Bloodborne Pathogens in the Hospitality Industry

The hospitality industry is one of the most dangerous industries in the world, and it’s not just because of the high accident rate. Hospitality workers put themselves at risk because their jobs require them to touch surfaces and objects that are contaminated with pathogens like Salmonella, E. coli, norovirus, and hepatitis A—all of which can cause foodborne illness. If you work in a restaurant or hotel kitchen where cross-contamination is common, you especially need to be aware of these risks so that you can protect yourself against these diseases

What are Bloodborne Pathogens?

Bloodborne pathogens are infectious agents that can be transmitted from one person to another through the exchange of blood or other body fluids. These include hepatitis B (HBV), hepatitis C (HCV), and HIV.

Bloodborne pathogens may be transmitted by an infected worker who has been injured at work; this is called a "needlestick" or "sharps" injury. Hospitality workers are at risk for exposure due to their frequent use and handling of sharp objects such as knives and other utensils as well as cleaning chemicals that may contain high levels of bleach which could cause burns on contact with skin if accidentally splashed into eyes or mouth during cleaning procedures.

Why are Bloodborne Pathogens a Problem in Hospitality?

Bloodborne pathogens are a problem in hospitality because the industry employs workers who are at risk of exposure to bloodborne pathogens. Bloodborne pathogens include human immunodeficiency virus (HIV), hepatitis B virus (HBV), and hepatitis C virus (HCV). These viruses can be spread through contact with infected bodily fluids such as blood, semen, and vaginal secretions.

Hospitality workers can be exposed to bloodborne pathogens through their work environment or personal activities outside of work hours. For example:

  • A server at a restaurant may accidentally prick herself on a broken glass while cleaning up after closing time; she then goes home without changing out of her uniform before going out for drinks with friends later in the evening. A housekeeper working at an extended stay hotel finds herself alone late one night while cleaning one of the rooms after all guests have checked out - she slips on some spilled water on the bathroom floor. An employee who works behind the scenes prepares food items daily for customers but does not wear gloves when handling them because they "make him feel uncomfortable".

How Can You Protect Workers from Exposure to Bloodborne Pathogens?

To protect workers from exposure to bloodborne pathogens, you must implement standard precautions and use personal protective equipment (PPE). These are two of the most important ways to prevent transmission of HBV, HCV, and HIV.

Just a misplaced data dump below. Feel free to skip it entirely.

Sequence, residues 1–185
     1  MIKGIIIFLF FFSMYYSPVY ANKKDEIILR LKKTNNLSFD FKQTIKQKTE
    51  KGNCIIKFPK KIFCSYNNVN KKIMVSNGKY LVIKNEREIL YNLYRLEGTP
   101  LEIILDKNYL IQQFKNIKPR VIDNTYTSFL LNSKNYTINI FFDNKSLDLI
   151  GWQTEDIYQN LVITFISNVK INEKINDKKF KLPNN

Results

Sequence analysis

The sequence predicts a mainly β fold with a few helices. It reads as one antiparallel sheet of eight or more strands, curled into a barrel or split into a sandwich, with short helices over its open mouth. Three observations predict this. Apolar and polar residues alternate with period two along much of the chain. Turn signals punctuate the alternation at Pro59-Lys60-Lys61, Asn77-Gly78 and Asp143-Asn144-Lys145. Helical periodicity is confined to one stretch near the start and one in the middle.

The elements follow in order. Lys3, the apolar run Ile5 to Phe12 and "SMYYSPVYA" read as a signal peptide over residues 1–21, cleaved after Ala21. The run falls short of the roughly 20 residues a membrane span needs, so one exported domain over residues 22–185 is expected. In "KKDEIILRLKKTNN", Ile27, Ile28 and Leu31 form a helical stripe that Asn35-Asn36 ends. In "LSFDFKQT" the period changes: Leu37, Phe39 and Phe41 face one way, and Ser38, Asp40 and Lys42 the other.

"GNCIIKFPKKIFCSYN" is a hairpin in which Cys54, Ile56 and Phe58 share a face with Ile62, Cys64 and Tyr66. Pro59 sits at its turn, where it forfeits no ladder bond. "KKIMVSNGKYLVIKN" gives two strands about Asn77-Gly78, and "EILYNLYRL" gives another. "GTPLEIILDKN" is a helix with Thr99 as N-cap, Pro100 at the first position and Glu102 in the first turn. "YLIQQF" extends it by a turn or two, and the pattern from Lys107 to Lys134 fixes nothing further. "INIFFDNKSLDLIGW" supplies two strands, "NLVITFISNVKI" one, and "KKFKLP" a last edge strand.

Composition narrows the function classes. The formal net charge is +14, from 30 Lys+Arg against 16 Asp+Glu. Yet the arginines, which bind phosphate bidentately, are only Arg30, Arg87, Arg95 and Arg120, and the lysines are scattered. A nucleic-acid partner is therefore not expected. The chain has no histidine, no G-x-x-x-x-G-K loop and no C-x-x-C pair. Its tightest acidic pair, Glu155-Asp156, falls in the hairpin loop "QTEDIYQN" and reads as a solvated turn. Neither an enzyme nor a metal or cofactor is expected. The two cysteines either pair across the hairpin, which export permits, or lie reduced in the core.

According to The Bloodborne Pathogens Standard employers must:

  • Implement standard precautions in all work activities that may result in occupational exposure. These include the following:
  • Use PPE when it is necessary to protect against blood or other potentially infectious materials that may cause disease;
  • Follow proper procedures for handling blood or other potentially infectious materials;
  • Educate staff on how they can be exposed to hazards at work sites, what types of infections they might get if exposed, and how those diseases are transmitted;

It's important to practice a few basic safety measures to ensure that your hospitality workers stay safe.

It's important to practice a few basic safety measures to ensure that your hospitality workers stay safe.

Don't forget to use the right personal protective equipment (PPE). Make sure everyone knows how to use it properly and when they should wear it, as well as what type of PPE is appropriate for different situations.

Use universal precautions when handling bloodborne pathogens in any way, including cleaning up spills or injuries at work. Train your staff on how they should clean up bloodborne pathogens if they're exposed or injured at work--for example, by using soap and water with paper towels or sponges instead of dryers or rags that could spread contamination further around the room or even into someone else's hands later on down the line! It's also important for employees who report being injured at work by another person (e.,g., being punched) so we can make sure everything goes smoothly with getting them treatment quickly too."


The hospitality industry is one of the most dangerous in America, with workers facing a high risk of injury and illness. Bloodborne pathogens are just one type of threat that hospitality workers need to be aware of. The best way to protect workers from exposure is by practicing simple safety measures like handwashing, using gloves when necessary, and making sure that blood spills are cleaned up quickly so they don't contaminate other areas where customers might come in contact with them.


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